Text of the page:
by Larry Robbins, MD

Medication overuse headache (MOH) is very frequently diagnosed; however, the MOH diagnosis is often overused. Patients are labeled as having MOH when what they actually suffer from are refractory headaches, without medication overuse (MO).   Current diagnostic criteria for MOH only require abortive medication use on 10 or 15 days of each month (depending upon the medication). 1 No evidence is needed showing that the abortive actually causes an increase in headache. MO often occurs among people with frequent headaches.  However, MO does not necessarily lead to developing increased headaches. Diagnosing MOH is not an easy task, and requires a careful assessment of the patient’s medication and headache history.  As the abortive medication was used more frequently, the headaches (usually migraines) should have also escalated in a true MOH situation. In addition, after the offending medication was withdrawn, headaches should have receded. The epidemiologic studies of MOH may not be valid, since they do not differentiate MO from MOH.

A number of years ago all abortives, including nonsteroidal anti-inflammatories (NSAIDS), were implicated in MOH. We now realize that certain medications (NSAIDS and triptans) are less likely to cause MOH than others. Opioids and butalbital compounds are the worst offenders. Although simple NSAIDS usually do not contribute to MOH, they continue to be included in the MOH criteria.

Patients often are given the label of MOH simply because they admit to regularly consuming over-the-counter analgesics or a triptan. Many patients who frequently use these medications do not suffer from MOH. There are a number of variables, including genetics, age, type of drug, etc., that help to explain why one patient suffers from MOH, while the next does not.

For many patients with frequent headaches, behavioral techniques and preventive medications (including Botox) are inadequate. Our current preventives often provide little relief, and frequently cause unacceptable side effects. We do not have any preventives that were initially developed for headache, except for the Calcitonin gene-related peptide-inhibitor  (CGRPinhibitor) injections, which will be available later in 2018.  One long-term study indicated that only about half of migraineurs found any preventive helpful for longer than 6 months. 2, 3  Declining efficacy and increased side effects often lead to discontinuation of the preventive.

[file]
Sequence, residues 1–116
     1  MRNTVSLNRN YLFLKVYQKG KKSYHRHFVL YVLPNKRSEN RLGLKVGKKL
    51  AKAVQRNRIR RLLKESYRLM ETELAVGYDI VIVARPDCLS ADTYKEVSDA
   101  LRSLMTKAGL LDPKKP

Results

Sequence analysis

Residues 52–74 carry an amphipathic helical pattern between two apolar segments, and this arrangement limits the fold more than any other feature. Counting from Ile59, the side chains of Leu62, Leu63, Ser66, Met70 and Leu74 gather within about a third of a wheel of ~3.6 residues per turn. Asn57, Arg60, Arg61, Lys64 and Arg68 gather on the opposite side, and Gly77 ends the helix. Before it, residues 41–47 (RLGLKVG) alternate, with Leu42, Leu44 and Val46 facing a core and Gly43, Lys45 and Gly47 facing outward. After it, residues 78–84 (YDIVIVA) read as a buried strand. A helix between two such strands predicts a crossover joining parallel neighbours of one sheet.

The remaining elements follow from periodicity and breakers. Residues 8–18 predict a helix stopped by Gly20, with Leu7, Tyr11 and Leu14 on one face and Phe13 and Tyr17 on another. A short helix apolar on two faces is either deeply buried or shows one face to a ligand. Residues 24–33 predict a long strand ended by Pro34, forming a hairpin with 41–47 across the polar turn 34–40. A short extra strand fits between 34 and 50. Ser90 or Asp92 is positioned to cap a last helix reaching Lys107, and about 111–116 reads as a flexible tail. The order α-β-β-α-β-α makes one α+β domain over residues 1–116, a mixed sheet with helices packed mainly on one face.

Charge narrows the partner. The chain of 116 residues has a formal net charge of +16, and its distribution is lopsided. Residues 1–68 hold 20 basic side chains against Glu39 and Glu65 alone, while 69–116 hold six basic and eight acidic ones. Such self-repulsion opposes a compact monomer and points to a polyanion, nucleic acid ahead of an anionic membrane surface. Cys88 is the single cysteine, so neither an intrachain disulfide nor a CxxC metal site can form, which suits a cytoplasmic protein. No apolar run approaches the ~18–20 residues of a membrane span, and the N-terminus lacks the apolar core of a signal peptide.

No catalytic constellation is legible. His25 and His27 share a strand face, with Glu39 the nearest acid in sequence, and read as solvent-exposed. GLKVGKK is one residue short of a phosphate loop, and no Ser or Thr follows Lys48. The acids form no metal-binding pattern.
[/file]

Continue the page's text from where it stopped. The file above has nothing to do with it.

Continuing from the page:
Many physicians are quick to blame the patient for causing MOH. The patients are told that they are suffering from MOH due to a particular medication, even though

  1. they have only been taking that medication for a short time, 
  2. the headaches did not increase once they began the medication,
  3. medication withdrawal did not lead to a lessening of the headaches.

Physicians often instruct the patient to only use the abortive 2 days per week. The patient usually responds, “that’s fine, but what do I do the other 5 days? I have to function.” Many headache specialists and neurologists maintain a rigid posture, refusing to allow more than a bare minimum of abortive medication.  The patient either suffers or seeks help elsewhere.

Much of what is written about MO and MOH is confusing, with little basis in fact. These are arbitrary terms, without scientific validation. Of course, we must try to minimize the use of abortives. Patients on frequent abortive medication should be withdrawn for a period of time,  (easier said than done). However, many refractory patients would have zero quality of life without their (frequently used) abortives.

The current criteria conflates MO with MOH. As a result, the term MOH is wildly over-diagnosed.  This is concerning because an inaccurate label of MOH may harm the patient. Patients with the MOH diagnosis often are denied the only medication that is helpful for them.  Two alternatives seem reasonable.  We could re-define MOH, using scientifically validated criteria.  Alternatively, we could drop the term MOH altogether.  

Of course, treating those who do have MOH is never easy. Patients are reluctant to give up their abortive, whether it is Excedrin®, a triptan, or an opioid. If we can convince the person their headaches may improve via minimizing the abortive, we sometimes may succeed. There are various strategies for withdrawal.  Sometimes it “takes a village” to treat a patient with severe headaches, and we recruit other “villagers” to assist in the process. These may be physical therapists, psychotherapists, biofeedback specialists, etc.  In the long-term, at least half of those with MOH do revert back to overuse of their . 4


  1. Headache Classification Committee of the International Headache Society (IHS). The International Classification of Headache Disorders, 3rd edition (beta version). Cephalalgia. 2013;33(9):629-808.
  2. Robbins,L. We Need Better Preventative Medications(Letter). Headache: The Journal of Head and Face Pain. 2001; 41(6): 611-612.
  3. Robbins,L. Efficacy of Preventive Medications for Chronic Daily Headache. Headache Quarterly. 1999; 10(3):135-139.
  4. L.  Letter in Headache, June 2001, Vol. 41, No. 6, pp. 611-612.